'The Morning Show' arrives on Apple TV+: Aniston is a powerhouse, while Witherspoon and Carell disappoint
The first two episodes of the show echo the #MeToo movement, revolving around Jennifer Aniston’s character Alex Levy after her co-host is accused of sexual misconduct
Over the next few weeks both Disney and Apple are set to jump head first into the streaming wars, launching their own subscription services that they hope will be able to instantly compete with already established parties like Netflix and Amazon.
In order to do that they’ll need to prove that their output is distinctive and different. That’s relatively easy for Disney, as they have close to a century’s worth of films and shows to immediately offer up, which includes their classic animated cannon and pretty much everything Lucasfilm, Marvel, Pixar and 20th Century Fox have ever released, plus new and original shows and movies, too.
Apple don’t have that luxury. Instead, they’re instantly looking to appeal to an older, smarter and more sophisticated audience with their output, the prize jewel of which is The Morning Show, which is both led and produced by Jennifer Aniston and Reese Witherspoon, and also boasts an all-star ensemble that includes Steve Carell, Billy Crudup, Mark Duplass, Gugu Mbatha-Raw, Nestor Carbonell and Bel Powley.
The first two episodes of The Morning Show, which The National were privy to earlier this month, predominantly revolve around Aniston’s character Alex Levy, the anchor of the hugely popular titular news programme who is left blindsided when her co-host of 15 years Mitch Kessler, played by Steve Carell, is suddenly fired after he is accused of sexual misconduct.
Over the course of these episodes Levy fights to remain composed and in control of the story, while also battling for her job as she is currently in the midst of contract negotiations with the network. Levy’s efforts are further complicated by the arrival of Reese Witherspoon’s Bradley Jackson, an aspiring journalist that erupts into a viral sensation after a particularly passionate news segment and is then headhunted by The Morning Show.
As you could probably have guessed by the show’s strong cast, there are several other plots and threads that are explored and teased over the course of the opening two episodes. And while not everything about The Morning Show lands as emphatically as it should, especially when you consider the monumental roster and acting talent it has at its disposal, by the end of the second episode the foundations have been set and you’re able to get enough of an idea of its tone, humour and depth to want to see how all ten episodes of its first season actually play out.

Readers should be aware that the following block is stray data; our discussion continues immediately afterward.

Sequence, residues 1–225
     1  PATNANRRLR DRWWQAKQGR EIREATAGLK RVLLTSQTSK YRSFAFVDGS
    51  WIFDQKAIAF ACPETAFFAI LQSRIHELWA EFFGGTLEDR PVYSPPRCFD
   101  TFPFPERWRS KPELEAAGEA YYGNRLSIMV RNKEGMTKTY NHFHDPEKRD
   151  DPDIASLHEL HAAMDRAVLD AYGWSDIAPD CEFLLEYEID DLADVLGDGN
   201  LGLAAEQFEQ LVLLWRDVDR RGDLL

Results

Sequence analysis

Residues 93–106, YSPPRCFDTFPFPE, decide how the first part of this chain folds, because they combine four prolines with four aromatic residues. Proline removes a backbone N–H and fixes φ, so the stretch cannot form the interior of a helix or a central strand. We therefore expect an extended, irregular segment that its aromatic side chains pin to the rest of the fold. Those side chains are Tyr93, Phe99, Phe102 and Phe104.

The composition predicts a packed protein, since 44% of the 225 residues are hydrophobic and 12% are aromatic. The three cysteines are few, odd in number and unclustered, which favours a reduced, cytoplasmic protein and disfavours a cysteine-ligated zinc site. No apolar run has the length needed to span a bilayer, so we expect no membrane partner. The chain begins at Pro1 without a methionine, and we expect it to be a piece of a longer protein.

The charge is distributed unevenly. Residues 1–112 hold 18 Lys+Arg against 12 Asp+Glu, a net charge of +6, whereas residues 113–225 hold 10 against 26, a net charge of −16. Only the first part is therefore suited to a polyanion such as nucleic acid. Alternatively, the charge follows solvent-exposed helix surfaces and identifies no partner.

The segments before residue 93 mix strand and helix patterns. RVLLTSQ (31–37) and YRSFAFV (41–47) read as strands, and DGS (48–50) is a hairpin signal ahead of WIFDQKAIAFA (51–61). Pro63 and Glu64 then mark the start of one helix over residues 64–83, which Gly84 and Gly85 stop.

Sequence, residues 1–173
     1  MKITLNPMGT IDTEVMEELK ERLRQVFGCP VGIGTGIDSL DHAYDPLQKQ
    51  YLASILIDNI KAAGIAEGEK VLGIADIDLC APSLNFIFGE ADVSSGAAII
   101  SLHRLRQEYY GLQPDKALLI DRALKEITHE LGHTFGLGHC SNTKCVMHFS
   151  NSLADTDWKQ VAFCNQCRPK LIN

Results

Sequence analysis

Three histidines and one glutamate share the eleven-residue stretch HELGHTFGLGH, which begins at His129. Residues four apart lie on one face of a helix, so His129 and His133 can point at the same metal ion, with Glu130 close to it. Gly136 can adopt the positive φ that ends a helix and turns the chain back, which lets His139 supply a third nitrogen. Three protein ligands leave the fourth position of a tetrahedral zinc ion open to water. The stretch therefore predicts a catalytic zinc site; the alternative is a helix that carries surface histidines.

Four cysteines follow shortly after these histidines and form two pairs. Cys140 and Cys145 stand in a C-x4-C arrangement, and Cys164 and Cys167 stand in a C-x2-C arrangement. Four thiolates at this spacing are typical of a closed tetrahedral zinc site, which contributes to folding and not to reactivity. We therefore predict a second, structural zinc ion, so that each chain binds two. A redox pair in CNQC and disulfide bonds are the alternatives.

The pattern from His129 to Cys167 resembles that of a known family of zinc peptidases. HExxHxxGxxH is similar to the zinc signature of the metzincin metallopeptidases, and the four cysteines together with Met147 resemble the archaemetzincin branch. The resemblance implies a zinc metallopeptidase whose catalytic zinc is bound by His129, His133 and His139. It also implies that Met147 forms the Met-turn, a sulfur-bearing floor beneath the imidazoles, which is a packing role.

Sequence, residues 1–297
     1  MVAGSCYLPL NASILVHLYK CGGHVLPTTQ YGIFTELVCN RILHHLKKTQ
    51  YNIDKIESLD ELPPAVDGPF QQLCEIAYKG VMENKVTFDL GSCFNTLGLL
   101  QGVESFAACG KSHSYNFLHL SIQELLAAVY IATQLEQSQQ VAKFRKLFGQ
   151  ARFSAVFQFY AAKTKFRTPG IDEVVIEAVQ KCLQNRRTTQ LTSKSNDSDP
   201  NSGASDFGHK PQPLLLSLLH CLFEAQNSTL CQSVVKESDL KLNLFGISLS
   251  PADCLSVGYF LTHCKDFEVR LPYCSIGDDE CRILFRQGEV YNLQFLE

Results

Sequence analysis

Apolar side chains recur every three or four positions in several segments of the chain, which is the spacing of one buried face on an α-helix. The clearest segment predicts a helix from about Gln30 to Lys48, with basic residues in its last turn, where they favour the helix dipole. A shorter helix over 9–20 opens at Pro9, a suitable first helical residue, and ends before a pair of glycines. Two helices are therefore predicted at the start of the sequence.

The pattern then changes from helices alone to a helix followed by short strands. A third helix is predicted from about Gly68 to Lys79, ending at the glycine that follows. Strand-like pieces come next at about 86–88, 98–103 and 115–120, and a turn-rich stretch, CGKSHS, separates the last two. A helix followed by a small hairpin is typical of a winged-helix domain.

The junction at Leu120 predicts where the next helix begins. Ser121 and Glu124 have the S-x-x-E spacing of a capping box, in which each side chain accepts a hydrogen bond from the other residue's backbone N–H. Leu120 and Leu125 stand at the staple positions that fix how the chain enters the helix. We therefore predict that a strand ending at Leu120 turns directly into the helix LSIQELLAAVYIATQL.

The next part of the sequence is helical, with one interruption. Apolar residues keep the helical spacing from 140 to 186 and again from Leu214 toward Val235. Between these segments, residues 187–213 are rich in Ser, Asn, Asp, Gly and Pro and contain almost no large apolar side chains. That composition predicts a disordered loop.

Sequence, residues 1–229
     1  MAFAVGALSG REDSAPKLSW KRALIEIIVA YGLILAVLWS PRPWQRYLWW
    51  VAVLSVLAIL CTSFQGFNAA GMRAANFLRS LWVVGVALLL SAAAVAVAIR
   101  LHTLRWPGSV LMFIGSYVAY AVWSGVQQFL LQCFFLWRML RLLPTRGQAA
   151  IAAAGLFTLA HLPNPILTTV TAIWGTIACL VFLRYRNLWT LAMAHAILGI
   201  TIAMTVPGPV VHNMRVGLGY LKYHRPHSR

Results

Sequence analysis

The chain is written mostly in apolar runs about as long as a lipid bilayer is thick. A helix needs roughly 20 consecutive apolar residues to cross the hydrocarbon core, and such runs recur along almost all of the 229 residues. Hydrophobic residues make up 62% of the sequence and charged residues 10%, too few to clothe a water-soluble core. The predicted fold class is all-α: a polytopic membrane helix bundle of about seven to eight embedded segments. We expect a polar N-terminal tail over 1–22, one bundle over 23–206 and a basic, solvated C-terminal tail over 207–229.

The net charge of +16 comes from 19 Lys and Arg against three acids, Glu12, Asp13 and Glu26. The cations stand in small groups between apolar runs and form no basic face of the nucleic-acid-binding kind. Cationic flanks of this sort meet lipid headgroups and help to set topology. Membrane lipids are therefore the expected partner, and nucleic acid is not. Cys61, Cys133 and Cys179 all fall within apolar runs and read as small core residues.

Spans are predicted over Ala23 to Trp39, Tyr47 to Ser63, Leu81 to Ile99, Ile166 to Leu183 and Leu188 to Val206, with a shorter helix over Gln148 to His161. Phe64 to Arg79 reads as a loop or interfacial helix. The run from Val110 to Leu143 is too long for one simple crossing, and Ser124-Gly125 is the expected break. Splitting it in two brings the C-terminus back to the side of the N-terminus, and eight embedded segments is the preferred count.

It is Aniston that proves herself to be the most impressive and stand-out performer though, with her mesmeric, flawed but always captivating portrayal of Levy helping the show to overcome several moments where it verges into tedium.
Of course, as one of the most popular television actresses of all time and a bona-fide leading lady in film too, that shouldn’t come as such a surprise. But the fact that she overpowers and even outperforms Academy Award nominee Carell and Best Actress Oscar winner Witherspoon shows just how much the former Friends star has raised her game for The Morning Show.
Audiences can only hope that Witherspoon can find her footing over the course of the first season, because even though she is given ample screen time she still doesn’t seem to have found the right balance of tenacity and comedy to make Jackson stand-out.
The only actor to actual rival the work of Aniston is Crudup, who has the walk, smile and cadence of network boss Cory Ellison down to a tee. You know you’re supposed to distrust and, at times, hate Ellison. Yet Crudup’s demeanour constantly reminds you that he’s just doing business. So much so that you can’t help but begrudgingly like him.
The one element that really doesn’t work, and might even have waylaid The Morning Show before it can prove itself, is Steve Carell as the disgraced co-host embroiled in the sexual misconduct scandal. Not only does Carell feel miscast, as he is caught between making Kessler evil and just incredibly arrogant, but in the wake of the #MeToo scandal rightfully dominating the media landscape for the last two years it lacks any weight or genuine insight and just feels tiresome.
As such, The Morning Show needs to quickly move away from Carell’s character. Instead it should focus on the dynamic between Witherspoon and Aniston, expand upon the vibrant supporting characters that its hugely impressive roster have already shown are developed and well-rounded, while also exploring the detail, conflict and lessons that can be learned from its depiction of workplace politics. If it does just that then not only will no other comedy drama come close to The Morning Show, but it should also help to set Apple apart from its many, many rivals.
The Morning Show and Apple TV+ launches on Friday, November 1
Updated: October 29, 2019 10:26 AM